Samsung Unpacked: Everything Announced Galaxy Buds 2 Pro Preorder Galaxy Watch 5 Galaxy Z Fold 4 Dell XPS 13 Plus Review Galaxy Z Fold 4 Preorder Apple TV 4K vs. Roku Ultra Galaxy Z Flip 3 Price Cut
Want CNET to notify you of price drops and the latest stories?
No, thank you

Apple releases Retina Display FAQ

Apple's new FAQ covers several key details about using the Retina Display alone, with external monitors, and with alternative operating systems.

Apple's new MacBook Pro with Retina Display, despite shying away from repairability and upgradability, has incorporated several big advancements. Some of these include the shift to Thunderbolt and USB 3.0 communications, but the true advancement in the new system is its high-resolution Retina Display that offers about four times the resolution of the previous 15-inch MacBook Pro.

While the new Retina Display produces very smooth text and images, it also requires specific support both in the OS and in the applications being run on the system, which can require various workarounds if you use programs and services that do not support the new display. To help you understand some of these limitations and workarounds, Apple has released a new FAQ on the Retina Display that discusses them in detail.

While much of the FAQ discusses how to manage resolutions and various Apple-supplied applications, it also covers some problems that users might run into:

  1. Visual artifacts or other visual issues with applications
    Even if programs are updated to work with the new display, bugs or other problems might result in odd-looking interface elements that may hinder the use of the program. If this happens, Apple suggests you try quitting and relaunching the program, and also try opening the program in low-resolution mode. To do this, locate the application file in the Applications folder, get information on it, and then check the "Open in Low Resolution" option. This should allow the program to run properly until a fix can be found for the higher-resolution mode.
  2. Use native resolutions, if possible
    The high pixel density of the Retina Display allows for a number of different resolutions, which Apple has made available visually instead of providing specific number-based resolution settings such as "1,920x1,200." In the Displays system preferences you can choose the option for the native Retina resolution which is four of the Retina Display pixels for each conventional pixel, or you can choose to render at different ratios to increase or decrease the size of items on screen. Apple recommends you use the Retina option for most uses as this will be the most compatible one, especially as programs get updated to use the new display.

    One option that Apple doesn't discuss is running at a 1-to-1 pixel ratio with the Retina Display, which would effectively quadruple the work space area from the previous-generation MacBook Pro model (albeit at the cost of making display elements very small). While this may not be the best option for some people, others might find it useful, and it can be done in several ways, which Mac blog OS X Daily has outlined.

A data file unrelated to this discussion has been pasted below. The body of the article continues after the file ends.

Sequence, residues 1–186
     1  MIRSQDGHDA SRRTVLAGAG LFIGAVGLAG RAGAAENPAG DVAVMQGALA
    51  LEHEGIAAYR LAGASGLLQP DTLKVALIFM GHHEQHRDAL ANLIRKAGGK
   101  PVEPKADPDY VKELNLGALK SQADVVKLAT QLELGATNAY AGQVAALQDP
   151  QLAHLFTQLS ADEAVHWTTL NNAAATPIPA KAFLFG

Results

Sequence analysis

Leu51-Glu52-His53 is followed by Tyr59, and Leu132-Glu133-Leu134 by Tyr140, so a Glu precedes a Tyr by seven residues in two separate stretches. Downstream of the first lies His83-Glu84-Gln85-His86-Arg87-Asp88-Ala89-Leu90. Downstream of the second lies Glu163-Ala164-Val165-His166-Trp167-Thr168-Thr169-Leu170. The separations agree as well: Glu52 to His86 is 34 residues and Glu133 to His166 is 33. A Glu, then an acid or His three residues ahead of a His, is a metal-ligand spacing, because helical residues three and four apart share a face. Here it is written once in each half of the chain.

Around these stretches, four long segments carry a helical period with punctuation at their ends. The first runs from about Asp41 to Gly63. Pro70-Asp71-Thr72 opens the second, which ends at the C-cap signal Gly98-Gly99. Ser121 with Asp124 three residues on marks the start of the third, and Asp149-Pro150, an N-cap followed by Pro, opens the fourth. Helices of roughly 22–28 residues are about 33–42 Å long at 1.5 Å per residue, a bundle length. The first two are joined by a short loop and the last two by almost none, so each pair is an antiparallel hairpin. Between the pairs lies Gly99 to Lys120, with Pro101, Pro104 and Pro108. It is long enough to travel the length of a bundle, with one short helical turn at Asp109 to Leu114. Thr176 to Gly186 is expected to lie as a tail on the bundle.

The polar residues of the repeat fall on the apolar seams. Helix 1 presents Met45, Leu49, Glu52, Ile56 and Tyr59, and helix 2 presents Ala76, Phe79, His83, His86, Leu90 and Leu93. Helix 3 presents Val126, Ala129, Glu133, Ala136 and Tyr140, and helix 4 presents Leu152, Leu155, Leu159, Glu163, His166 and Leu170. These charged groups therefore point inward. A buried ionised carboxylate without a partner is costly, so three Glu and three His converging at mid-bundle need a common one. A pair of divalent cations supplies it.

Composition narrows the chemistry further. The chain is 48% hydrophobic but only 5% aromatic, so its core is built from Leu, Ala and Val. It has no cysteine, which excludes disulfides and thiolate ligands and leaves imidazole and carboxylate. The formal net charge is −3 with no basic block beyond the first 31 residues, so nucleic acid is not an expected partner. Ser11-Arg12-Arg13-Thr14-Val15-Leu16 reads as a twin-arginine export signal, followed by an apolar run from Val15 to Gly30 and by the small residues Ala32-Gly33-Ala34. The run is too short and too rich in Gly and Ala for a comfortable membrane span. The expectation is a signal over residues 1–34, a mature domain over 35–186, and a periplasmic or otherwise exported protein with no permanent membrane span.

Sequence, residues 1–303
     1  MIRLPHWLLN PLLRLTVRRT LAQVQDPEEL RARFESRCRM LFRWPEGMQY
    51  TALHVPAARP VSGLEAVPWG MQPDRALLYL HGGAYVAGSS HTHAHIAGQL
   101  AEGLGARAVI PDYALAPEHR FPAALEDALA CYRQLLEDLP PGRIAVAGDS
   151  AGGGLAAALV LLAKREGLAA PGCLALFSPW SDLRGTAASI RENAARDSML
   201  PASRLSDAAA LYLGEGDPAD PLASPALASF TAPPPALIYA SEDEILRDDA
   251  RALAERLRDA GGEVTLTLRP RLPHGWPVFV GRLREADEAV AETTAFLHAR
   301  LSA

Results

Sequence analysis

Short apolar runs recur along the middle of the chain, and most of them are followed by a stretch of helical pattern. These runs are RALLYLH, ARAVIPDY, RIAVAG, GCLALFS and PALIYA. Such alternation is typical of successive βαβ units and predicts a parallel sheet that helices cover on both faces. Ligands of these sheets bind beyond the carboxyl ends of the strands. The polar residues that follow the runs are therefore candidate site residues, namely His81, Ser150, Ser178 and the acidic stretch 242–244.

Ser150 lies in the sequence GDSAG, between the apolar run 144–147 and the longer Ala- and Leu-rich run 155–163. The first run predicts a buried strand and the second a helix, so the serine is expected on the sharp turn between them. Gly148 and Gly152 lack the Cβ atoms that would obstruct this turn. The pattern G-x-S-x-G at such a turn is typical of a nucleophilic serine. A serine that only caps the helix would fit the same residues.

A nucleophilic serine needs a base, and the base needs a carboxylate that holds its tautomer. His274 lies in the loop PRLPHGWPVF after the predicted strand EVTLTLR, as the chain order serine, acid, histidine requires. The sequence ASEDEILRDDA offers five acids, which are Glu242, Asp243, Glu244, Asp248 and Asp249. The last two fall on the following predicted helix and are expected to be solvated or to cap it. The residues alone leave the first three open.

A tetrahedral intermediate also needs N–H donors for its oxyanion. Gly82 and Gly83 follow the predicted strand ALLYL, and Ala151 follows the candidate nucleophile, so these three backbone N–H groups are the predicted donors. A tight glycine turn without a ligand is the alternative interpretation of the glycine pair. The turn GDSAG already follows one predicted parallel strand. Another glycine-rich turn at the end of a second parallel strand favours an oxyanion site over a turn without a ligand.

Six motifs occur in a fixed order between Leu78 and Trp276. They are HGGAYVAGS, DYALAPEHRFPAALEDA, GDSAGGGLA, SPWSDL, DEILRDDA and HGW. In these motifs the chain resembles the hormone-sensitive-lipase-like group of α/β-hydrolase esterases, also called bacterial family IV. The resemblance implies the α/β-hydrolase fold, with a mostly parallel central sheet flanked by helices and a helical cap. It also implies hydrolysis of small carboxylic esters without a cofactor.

3. External display problems
    The new MacBook's resolution settings may not work well with different external display setups. As with prior systems, if you mirror the MacBook and the external monitor (such as for presentations), then you will have to choose which display you would like to look cleanest. Apple provides the option of making the image look best for the external display or best for the Retina Display, so if you are presenting something then the external display option will likely be best. If you need addition display options, you can hold the Option key while selecting the Scaled setting, to reveal more resolutions than the two "Best for" options.
  4. Boot Camp and multiboot environments
    A final something to think about when using the new MacBook systems is if you need to run a secondary operating system on them. While Apple provides Boot Camp support for Windows 7 and offers support for the Retina Display with its Boot Camp drivers, some people have unique setups where they run Linux as well. Unfortunately Apple only provides drivers for Windows, so these other operating systems will likely special attention in order to properly use the display. If you run into problems using different operating systems with the Retina Display, then you can try using then in a virtual machine, which in running within OS X should properly interface the guest OS with the display.

Questions? Comments? Have a fix? Post them below or e-mail us!
Be sure to check us out on Twitter and the CNET Mac forums.